In the cycles of our lives, there will be many times like this - times where the madness comes to an end, and we turn corners, and we watch good things appear. The older I get, and the more I experience, the more I see the truth in this. Something substantial will always undoubtedly arise from those times where we're wading through the crap. Honestly you guys, I think I just proved that to myself while I was writing this post. After aimlessly staring at my computer screen for longer than I care to admit and eventually feeling so frustrated that I just started typing my random thoughts, I was able to come up with a post. Funny how that worked out! The same can of course be said for spans of sadness or compounding loss or seemingly endless challenges. You somehow fight through the pain, then when it finally comes to an end, you're left feeling deflated and foggy. When you're in this place, my advice (to myself as much as anyone else) is to remember what I just said about something substantial arising from it. Even if you feel a little hopeless, stay as positive as you can. That way you'll be prepared to make the most of the good things that will appear, the new doors that will open, the joyful surprises that you might just have missed if you hadn't just gone through all that crap.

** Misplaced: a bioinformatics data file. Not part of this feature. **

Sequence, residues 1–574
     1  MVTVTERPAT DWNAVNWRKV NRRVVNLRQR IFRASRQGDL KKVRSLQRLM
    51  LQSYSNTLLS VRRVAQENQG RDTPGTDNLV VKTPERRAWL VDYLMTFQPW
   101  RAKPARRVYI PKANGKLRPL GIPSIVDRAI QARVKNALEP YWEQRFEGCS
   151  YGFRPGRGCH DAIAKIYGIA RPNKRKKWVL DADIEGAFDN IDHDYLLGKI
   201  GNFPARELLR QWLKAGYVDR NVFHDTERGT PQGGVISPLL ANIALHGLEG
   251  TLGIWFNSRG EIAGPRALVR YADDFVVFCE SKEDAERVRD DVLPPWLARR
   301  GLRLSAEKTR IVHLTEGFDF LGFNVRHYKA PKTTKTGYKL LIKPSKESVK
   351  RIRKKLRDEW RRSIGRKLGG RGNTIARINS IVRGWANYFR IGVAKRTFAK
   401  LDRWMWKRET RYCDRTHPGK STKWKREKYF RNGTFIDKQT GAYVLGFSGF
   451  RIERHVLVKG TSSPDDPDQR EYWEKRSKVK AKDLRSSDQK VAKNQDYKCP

Those cliches about the hard stuff making you stronger, and it taking bad things to appreciate the good, and blah blah blah can be really annoying sometimes, I know. But ultimately, they're true. When Robbie and I went on our spontaneous adventure, one of the restaurants we visited had the coolest quote ever on the back of the menu by author Bob Perks:
I wish you enough sun to keep your attitude bright.
I wish you enough rain to appreciate the sun more.
I wish you enough happiness to keep your spirit alive.
I wish you enough pain so that the smallest joys in life appear much bigger.
I wish you enough gain to satisfy your wanting.
I wish you enough loss to appreciate all that you possess.
I wish you enough "Hello's" to get you through the final "Goodbye."
I loved the whole thing, but this part struck me the most: "I wish you enough pain so that the smallest joys in life appear much bigger." Simple, but really powerful, right? The next time you're where I am now, in that period when the madness ends and you're soooo tired and you find yourself overwhelmed with reflection on all you've just been though, remember that line. Remember that you just overcame all sorts of obstacles, and yes, it really sucked, but you're even more bad ass than you were before. And now you get to enjoy all the goodness that's about to come in a way that wouldn't be possible had you not experienced that suffering. Really, it's a pretty amazing way to look at life.
It's May 1st. A brand new month. And that's my post for today. :)
FILED UNDER: random thoughts/life